Yankees finally starting to phase out struggling slugger

joey gallo, yankees

The New York Yankees might be the best team in baseball, but they have significant struggles of their own. With the number of injuries mounting after a tumultuous last week, the Bombers have had to supplement some big losses with depth pieces.

General manager Brian Cashman has already made several signings to help fill the roster, including the acquisition of Matt Carpenter, formally an All-Star with the St. Louis Cardinals. Carpenter has performed well, making good contact and getting on base over the first three games of his tenure wearing pinstripes.

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The Yankees need more from Joey Gallo, but it might be too little, too late:

However, the Yankees are still waiting for slugger Joey Gallo to pick up his production. He’s currently hitting .172 with a 27.8% on base rate. His slugging percentage is worse than José Treviño’s at .310, indicating he’s not even hitting home runs, his specialty.

Manager Aaron Boone plugged Gallo into the nine-hole on Saturday against the Tampa Bay Rays, where he contributed a hit and strikeout. Gallo and Aaron Hicks will likely begin taking turns in the nine spot given their struggles this year.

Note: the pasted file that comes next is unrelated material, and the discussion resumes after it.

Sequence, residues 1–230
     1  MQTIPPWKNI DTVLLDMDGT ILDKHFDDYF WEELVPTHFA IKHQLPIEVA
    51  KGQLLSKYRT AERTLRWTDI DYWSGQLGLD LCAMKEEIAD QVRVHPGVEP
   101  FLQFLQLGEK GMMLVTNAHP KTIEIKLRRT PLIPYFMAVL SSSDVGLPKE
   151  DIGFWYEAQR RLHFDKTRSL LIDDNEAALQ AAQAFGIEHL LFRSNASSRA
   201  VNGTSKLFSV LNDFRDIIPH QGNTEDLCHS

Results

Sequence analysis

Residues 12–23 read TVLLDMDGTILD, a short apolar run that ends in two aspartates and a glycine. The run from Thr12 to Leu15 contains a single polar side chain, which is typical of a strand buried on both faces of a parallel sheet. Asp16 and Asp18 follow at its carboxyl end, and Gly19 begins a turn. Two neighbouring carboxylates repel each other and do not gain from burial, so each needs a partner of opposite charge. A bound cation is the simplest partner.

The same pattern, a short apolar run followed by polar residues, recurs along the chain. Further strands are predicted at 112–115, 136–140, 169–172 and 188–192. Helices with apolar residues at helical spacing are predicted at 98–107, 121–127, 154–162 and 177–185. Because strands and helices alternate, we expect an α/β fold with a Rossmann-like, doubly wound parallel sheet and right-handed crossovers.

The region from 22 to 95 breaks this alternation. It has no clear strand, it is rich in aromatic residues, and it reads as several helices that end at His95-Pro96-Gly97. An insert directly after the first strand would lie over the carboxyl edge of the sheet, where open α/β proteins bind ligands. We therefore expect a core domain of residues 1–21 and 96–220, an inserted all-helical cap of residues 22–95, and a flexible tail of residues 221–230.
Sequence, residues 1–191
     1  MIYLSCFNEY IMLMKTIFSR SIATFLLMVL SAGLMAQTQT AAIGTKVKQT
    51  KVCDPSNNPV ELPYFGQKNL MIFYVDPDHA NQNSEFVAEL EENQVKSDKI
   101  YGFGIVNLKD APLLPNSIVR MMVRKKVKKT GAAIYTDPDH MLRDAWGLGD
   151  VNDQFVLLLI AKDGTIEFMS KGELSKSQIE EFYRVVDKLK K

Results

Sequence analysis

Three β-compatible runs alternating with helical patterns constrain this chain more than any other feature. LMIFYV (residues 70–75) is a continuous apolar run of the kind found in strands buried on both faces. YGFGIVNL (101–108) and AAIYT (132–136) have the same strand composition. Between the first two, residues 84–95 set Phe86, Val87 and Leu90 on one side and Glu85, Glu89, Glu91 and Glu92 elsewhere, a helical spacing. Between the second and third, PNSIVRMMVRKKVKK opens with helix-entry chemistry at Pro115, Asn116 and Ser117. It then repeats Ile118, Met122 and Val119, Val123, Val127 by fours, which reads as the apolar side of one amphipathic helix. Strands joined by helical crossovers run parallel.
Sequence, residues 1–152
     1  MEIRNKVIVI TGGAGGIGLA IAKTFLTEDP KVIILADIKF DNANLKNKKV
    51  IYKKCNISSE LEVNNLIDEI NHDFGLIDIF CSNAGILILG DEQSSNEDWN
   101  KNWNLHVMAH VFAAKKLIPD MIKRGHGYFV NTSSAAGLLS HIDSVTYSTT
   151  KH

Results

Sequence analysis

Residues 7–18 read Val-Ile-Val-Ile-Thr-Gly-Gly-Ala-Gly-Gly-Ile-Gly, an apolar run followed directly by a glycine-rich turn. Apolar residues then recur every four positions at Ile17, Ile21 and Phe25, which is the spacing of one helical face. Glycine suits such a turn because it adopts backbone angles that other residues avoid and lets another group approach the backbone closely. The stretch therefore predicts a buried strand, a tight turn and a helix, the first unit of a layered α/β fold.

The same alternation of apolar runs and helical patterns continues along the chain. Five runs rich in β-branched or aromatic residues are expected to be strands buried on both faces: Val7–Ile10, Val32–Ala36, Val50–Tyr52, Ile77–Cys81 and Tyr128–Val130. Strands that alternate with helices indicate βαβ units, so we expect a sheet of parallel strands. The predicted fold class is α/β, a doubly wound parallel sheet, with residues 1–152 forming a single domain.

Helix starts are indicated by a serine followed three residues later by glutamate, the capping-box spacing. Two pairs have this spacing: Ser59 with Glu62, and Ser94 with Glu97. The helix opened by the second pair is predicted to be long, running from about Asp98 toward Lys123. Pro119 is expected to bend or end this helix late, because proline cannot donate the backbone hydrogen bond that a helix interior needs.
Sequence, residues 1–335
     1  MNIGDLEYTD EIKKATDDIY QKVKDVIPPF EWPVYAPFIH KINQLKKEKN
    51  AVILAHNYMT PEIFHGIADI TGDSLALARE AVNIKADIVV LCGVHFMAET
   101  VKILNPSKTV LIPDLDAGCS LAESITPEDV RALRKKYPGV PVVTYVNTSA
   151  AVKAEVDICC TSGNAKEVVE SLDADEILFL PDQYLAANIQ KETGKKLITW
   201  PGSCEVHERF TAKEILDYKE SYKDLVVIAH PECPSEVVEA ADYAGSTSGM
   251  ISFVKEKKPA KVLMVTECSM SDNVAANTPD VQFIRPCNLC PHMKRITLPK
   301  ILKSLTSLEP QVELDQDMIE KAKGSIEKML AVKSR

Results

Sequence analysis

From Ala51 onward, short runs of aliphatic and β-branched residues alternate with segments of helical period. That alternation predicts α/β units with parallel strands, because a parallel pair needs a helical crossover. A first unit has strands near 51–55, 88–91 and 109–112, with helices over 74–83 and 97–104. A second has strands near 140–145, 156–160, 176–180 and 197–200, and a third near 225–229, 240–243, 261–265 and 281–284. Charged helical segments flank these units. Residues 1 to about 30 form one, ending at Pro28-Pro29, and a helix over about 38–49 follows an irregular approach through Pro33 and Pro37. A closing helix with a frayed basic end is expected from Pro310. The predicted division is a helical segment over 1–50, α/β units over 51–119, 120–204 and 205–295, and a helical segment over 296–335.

“The nine hole is a place I value,” manager Aaron Boone said. “I think there’s a pretty good fit there, especially as you turn over the lineup, when he’s going well [with] his ability to get on base. And just trying to space out our lineup a little bit, our lefties a little bit better.”

Boone might not admit it, but moving some of his most potent hitters to the nine-spot reduces usage and takes them out of high leverage situations.

“Joey’s going to strike out at times,” Boone said. “Hopefully after having missed a couple days with the illness, where he was gaining some traction, he’ll get back in that. He had a big hit [Friday] in his first at-bat to kind of get us going a little bit. I think maybe it’s a spot he can potentially thrive in for us.”

When the bases are empty, Gallo is hitting .206, but with runners at first base, he hosts a .148 BA. With two runners in scoring position, he’s hitting a measly .154. Considering Gallo only has five homers this season over 39 games, his inability to curate hits with runners in scoring position is a liability.
Gallo has a few positives this year, including a 98th percentile barrel percentage and 91st percentile max exit velocity. However, his average exit velocity ranks in the 40th percentile and land in the 2nd percentile in strikeout rate.
They were rumors several weeks ago that the Yankees could explore trading Gallo as the deadline approaches, but they first have to find a potential suitor that still sees value in him after a tough start of the 2022 season.